julie adenuga is spreading the sound of british music to the world
JME and Skepta's little sister, Julie Adenuga, is the new sound of radio on Beats 1.
Julie Adenuga, 27, was poached from her popular Rinse FM show to become the London anchor of the newly-launched and hugely-hyped Apple radio station alongside Zane Lowe (in LA) and Ebro Darden (in NYC). "I never used to listen to radio," she confesses. "I didn't enjoy someone telling me what to listen to, which is jokes." Julie has also previously admitted that she "didn't have a clue" about making a radio show when she joined Rinse. "People think I know what I'm doing, but I don't. I mean I have some knowledge," she jokes, "but I want to listen to more music, play more genres and just learn more."
Her role at the station requires her to take that London flavour to the rest of the world, and even though it could be tricky broadcasting to 100 worldwide territories who might not get the British references, Julie is rightly unapologetic: "It took me two or three years to figure out what Eminem was talking about, because I don't know Detroit or American culture. It's the same with my show, I'll see Tweets saying, 'What is that?' but I think that's the fun bit — people learning and understanding. It's nice for people to hear it purely, rather than me trying to teach them. I used to print out lyrics, read them and learn about all these new things."
Beats founder Dr Dre called her a "superstar" when they first met, but then she watched him do his show [on Beats 1], "and I was like, 'I need to go home and make my show better!'" But you suspect it's her fresh, freewheeling approach that Apple wanted to tap into in the first place - she's bringing youthful energy, chat and tunes, whether it's grime or Miley Cyrus. "At the moment grime is everybody's favourite flavour of Ribena," she says, and there's no point hiding the fact that her brothers are MCs Skepta and JME, currently riding the genre's second - and far bigger - wave of success. Did she hit the raves with her bros back in the day? "Nah! I tried to be everywhere they weren't. I didn't want to be in a party with my elder siblings - it didn't feel right. Unless I wanted to get in somewhere for free! And this was very short-lived, but I used to go to these dressy, heels-y kind of nights, before I realised I hate wearing heels. Then I was like, 'I'm only going where I can wear a hoodie and trainers.'"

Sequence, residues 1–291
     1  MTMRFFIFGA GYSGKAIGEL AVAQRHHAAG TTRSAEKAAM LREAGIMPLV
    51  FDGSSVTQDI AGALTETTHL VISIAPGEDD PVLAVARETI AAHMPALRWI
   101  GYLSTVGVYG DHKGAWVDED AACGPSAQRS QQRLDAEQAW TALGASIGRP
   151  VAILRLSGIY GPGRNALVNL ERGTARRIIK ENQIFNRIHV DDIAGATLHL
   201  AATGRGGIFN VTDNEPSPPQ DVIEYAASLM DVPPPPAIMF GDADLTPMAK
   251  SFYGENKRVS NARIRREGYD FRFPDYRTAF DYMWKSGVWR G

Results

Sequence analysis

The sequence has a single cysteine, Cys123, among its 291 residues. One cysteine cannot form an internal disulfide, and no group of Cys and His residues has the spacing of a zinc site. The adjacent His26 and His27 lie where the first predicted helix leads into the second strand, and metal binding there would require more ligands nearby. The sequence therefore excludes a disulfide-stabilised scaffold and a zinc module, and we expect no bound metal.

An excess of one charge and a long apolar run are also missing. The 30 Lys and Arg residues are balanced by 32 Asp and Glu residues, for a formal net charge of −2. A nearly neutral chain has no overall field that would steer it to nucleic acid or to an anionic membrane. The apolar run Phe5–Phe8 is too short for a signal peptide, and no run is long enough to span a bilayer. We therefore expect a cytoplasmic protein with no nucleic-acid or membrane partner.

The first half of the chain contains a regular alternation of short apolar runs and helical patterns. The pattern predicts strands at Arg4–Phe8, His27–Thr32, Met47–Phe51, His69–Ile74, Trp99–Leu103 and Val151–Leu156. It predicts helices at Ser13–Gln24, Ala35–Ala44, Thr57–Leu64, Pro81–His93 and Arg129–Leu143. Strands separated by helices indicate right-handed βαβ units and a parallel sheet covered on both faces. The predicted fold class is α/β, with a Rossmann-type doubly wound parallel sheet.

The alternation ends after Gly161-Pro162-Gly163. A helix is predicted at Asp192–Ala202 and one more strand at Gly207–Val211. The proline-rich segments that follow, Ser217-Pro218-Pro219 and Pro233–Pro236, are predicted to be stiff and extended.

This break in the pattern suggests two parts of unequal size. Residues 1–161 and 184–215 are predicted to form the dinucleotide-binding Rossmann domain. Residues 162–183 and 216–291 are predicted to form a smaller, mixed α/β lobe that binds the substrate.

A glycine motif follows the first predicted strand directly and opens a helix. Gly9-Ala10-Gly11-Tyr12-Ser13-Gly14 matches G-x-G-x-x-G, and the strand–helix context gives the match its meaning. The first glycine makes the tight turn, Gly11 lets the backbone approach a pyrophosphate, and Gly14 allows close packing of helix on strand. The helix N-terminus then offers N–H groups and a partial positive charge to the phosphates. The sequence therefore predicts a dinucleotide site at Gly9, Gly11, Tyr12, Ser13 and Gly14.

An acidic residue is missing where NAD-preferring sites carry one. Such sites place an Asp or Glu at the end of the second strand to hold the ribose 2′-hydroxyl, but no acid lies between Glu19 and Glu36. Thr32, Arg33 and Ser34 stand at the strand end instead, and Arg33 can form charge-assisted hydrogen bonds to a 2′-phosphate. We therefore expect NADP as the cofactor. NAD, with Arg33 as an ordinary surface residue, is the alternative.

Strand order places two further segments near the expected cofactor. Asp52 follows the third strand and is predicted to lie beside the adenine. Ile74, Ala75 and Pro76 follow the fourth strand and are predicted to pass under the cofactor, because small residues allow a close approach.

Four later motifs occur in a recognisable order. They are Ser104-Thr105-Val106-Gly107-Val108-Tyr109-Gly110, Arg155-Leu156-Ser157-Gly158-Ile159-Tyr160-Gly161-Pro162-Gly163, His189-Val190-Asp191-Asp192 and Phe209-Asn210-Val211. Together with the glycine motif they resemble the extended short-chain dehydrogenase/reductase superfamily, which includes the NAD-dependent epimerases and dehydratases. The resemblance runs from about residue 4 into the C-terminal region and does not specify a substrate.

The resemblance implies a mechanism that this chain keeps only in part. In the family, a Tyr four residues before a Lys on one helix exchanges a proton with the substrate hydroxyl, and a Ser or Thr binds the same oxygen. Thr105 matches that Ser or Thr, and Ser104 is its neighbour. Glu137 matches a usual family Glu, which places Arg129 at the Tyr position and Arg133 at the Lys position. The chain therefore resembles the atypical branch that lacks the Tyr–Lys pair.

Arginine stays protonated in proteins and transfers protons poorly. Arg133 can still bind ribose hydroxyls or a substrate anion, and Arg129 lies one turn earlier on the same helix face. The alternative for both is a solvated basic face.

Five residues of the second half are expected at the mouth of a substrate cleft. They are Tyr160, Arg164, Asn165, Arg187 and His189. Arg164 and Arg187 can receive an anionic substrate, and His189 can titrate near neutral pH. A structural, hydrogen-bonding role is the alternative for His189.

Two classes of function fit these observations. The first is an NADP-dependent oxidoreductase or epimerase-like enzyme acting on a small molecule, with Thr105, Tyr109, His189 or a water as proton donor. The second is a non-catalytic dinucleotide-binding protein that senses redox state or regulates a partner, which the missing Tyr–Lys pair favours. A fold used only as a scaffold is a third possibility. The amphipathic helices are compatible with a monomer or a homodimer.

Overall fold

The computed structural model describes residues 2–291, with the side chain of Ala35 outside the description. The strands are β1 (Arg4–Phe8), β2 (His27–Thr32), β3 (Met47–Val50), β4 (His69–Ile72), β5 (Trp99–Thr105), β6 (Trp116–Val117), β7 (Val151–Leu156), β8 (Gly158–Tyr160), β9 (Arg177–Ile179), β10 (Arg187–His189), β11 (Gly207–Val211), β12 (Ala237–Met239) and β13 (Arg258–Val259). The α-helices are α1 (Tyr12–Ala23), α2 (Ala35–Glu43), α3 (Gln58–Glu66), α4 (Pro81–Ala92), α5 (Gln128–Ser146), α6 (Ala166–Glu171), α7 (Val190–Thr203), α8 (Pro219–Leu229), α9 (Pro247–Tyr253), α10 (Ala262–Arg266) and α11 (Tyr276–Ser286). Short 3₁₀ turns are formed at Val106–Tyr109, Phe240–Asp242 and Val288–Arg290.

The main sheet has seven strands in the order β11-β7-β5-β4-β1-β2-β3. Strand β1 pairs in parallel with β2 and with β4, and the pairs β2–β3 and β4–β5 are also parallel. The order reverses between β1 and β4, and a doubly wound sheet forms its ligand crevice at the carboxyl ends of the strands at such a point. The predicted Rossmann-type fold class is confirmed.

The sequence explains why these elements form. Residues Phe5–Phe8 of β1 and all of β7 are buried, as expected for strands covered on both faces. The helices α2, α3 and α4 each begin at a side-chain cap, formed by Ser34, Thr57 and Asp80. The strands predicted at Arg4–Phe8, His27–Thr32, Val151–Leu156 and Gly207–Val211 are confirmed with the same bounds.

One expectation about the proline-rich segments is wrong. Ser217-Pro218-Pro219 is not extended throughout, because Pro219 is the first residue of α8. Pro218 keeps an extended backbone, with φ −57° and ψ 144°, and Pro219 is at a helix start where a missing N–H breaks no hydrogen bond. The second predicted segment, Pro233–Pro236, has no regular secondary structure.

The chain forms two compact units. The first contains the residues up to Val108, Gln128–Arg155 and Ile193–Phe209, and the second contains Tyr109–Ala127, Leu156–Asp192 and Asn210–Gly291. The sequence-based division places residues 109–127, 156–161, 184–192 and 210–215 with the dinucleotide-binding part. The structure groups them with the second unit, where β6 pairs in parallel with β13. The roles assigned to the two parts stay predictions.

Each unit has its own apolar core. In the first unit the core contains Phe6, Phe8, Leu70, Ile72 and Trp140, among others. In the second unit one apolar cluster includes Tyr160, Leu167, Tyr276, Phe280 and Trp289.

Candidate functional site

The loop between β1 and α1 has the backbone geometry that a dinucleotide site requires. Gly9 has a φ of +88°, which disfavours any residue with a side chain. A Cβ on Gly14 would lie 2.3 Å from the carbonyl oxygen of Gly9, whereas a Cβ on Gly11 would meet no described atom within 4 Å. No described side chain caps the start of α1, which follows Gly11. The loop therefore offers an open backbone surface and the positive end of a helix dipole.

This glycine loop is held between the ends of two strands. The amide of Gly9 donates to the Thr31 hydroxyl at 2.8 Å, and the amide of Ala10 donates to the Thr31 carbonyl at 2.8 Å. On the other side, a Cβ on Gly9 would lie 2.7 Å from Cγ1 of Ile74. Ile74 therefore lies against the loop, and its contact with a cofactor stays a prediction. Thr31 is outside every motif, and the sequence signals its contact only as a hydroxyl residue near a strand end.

Growing up with three brothers (the youngest is 23-year-old Jason), Julie says she was a straight-up tomboy. "I didn't do the girly thing for ages. I didn't wear make-up until my 21st birthday. Even up to now, I don't see gender a lot. I'm not a gender-y person. I wouldn't walk into a room and think there are more men than women. I'm more into the energy and passion of the person. That for me is the deciding factor of where an interaction will go." If the energy is wrong, she says, her interactions can go badly: "If I'm around an energy that I don't like, I'll kill the whole vibe of a room," she explains, cold as ice. Which brings us to her "bad advice" for any women looking to make it in the music industry (or indeed life). "My family are all very stubborn. We don't like to learn things unless we're ready. And because of that, I've only done what I want to do. So my advice is only do what you want to do. Be stubborn, but be passionate." Looking at the raging successes of the Adenuga kids, it's probably advice worth heeding.
Text Stuart Brumfitt
Photography Olivia Rose
Styling Bojana Kozarevic
Make-up Rebecca Wordingham at Saint Luke using M.A.C Pro.
Julie wears coat Canada Goose